And why should it be any surprise the southern tier is deflating? Deflation was the strategy of austerity; it is required because of a single currency. Countries inside the currency regime are forced to take the adjustment locally—lower wages and higher unemployment—in order to reduce relative production costs; they are unable to devalue (as the UK was) in an effort to improve relative competitiveness.
So labor rates are now starting to converge; though Italy and France unit labor rates are the exception and something to note:
And despite the criticism of Germany from the US Treasury to “consume more” [that worked so well for the US], even the current accounts deficits are improving among the periphery countries.
Mr. Draghi is being criticized by the monetarist for not doing enough with either conventional or non-conventional tools to keep the deflation dragon at bay. The concern is the Eurozone will be caught in the same deflationary spiral which engulfed Japan for decades if the ECB falls too far behind the curve.
Some arguments against Mr. Draghi:
1, Monetary policy works with a lag; he must act now or risk getting behind the curve.
2. He doesn’t acknowledge the large labor and capital output gaps across the Eurozone
3. He doesn’t seem to recognize the high costs of deflation to both personal and high debtor nations
To believe Mr. Draghi doesn’t recognize every one of those criticisms above is non-sense. He knows all of that. But he also knows he has to balance the needs of the dominant engine of Europe—Germany—against those of weaker countries. It is not an enviable position when Bundesbank members are breathing down your neck and the German press labels you the “Italian central bank” president.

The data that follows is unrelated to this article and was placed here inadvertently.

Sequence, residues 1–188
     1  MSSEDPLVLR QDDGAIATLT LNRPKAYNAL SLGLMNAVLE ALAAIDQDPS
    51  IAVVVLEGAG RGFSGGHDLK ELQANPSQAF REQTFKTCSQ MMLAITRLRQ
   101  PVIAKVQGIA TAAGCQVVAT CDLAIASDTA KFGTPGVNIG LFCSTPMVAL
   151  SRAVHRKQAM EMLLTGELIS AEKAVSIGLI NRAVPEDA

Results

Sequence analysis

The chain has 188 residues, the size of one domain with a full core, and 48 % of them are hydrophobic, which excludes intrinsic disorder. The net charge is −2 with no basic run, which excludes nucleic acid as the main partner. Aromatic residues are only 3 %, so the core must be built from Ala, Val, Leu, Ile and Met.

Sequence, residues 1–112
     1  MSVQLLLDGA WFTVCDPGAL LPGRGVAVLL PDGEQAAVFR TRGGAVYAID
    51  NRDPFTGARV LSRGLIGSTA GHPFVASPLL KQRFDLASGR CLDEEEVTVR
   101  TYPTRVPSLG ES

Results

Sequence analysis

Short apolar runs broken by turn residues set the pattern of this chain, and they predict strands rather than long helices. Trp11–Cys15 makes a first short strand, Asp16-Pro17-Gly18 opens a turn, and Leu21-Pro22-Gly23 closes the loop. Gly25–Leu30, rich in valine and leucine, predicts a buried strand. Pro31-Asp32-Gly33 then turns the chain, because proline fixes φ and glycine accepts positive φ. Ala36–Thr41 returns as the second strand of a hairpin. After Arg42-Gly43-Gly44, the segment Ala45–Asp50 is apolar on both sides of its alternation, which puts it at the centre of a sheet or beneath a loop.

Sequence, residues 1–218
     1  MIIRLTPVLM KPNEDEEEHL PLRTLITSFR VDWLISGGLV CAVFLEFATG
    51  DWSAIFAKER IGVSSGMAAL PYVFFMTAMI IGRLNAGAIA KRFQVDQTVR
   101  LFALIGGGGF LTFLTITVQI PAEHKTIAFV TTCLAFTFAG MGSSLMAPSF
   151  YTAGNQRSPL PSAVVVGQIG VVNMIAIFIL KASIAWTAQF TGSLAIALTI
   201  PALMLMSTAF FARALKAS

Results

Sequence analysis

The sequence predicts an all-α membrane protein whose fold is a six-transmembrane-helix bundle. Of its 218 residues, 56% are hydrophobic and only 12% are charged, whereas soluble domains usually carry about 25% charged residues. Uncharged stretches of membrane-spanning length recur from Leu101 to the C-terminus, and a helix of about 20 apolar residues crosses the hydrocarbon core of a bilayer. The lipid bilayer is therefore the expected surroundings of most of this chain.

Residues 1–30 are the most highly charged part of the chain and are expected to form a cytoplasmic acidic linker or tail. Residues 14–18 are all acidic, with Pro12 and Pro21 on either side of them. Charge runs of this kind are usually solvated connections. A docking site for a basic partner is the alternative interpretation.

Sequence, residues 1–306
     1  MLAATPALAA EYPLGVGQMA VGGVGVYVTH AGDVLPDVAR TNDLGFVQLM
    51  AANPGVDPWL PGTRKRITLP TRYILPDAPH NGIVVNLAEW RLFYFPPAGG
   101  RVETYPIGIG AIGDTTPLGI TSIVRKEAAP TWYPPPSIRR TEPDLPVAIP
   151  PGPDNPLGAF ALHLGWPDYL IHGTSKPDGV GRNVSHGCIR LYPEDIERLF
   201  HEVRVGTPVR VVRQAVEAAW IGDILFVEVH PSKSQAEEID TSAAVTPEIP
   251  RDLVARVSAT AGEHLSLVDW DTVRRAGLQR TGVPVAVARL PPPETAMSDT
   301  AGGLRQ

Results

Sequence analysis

Though time will tell, I think Mr. Draghi is also correct to point out there are vast differences between the structure of the Japanese economy and the Eurozone. This doesn’t mean if deflationary pressures grow across the Eurozone, and that is likely if the global economy doesn’t provide some help, Mr. Drahgi won’t cut interest rates and move to negative deposit rates for institutions in an effort to force them to lend more.
But keep in mind he is only the head of a central bank. He admits at every ECB meeting I have watched that monetary policy cannot take the place of proper structural reform. He is right. And those who believe in the magic of monetary policy manipulation as the end all and be all I think are wrong.
Is the euro saved and here to stay? For now, I think you have to say yes. Or maybe it’s too early to tell. :) Either way, trading the euro as if another crisis is just around the corner is likely a big mistake—it has been for me.
Tomorrow we get a look at US non-farm payroll. I think a good report pushes EUR/USD lower; otherwise that 1.400 barrier looks very tempting: